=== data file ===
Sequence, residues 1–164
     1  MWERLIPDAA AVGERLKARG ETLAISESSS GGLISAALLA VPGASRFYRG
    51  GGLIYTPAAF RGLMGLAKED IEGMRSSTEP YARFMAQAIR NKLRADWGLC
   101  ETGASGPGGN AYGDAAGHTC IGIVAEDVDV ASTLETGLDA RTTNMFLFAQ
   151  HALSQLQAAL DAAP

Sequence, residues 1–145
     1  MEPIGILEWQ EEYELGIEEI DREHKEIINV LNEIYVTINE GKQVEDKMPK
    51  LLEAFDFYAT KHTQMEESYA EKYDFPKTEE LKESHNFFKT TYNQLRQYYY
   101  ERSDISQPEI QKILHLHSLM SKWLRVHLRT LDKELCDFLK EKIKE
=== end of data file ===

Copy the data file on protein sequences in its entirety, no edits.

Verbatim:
Sequence, residues 1–164
     1  MWERLIPDAA AVGERLKARG ETLAISESSS GGLISAALLA VPGASRFYRG
    51  GGLIYTPAAF RGLMGLAKED IEGMRSSTEP YARFMAQAIR NKLRADWGLC
   101  ETGASGPGGN AYGDAAGHTC IGIVAEDVDV ASTLETGLDA RTTNMFLFAQ
   151  HALSQLQAAL DAAP

Sequence, residues 1–145
     1  MEPIGILEWQ EEYELGIEEI DREHKEIINV LNEIYVTINE GKQVEDKMPK
    51  LLEAFDFYAT KHTQMEESYA EKYDFPKTEE LKESHNFFKT TYNQLRQYYY
   101  ERSDISQPEI QKILHLHSLM SKWLRVHLRT LDKELCDFLK EKIKE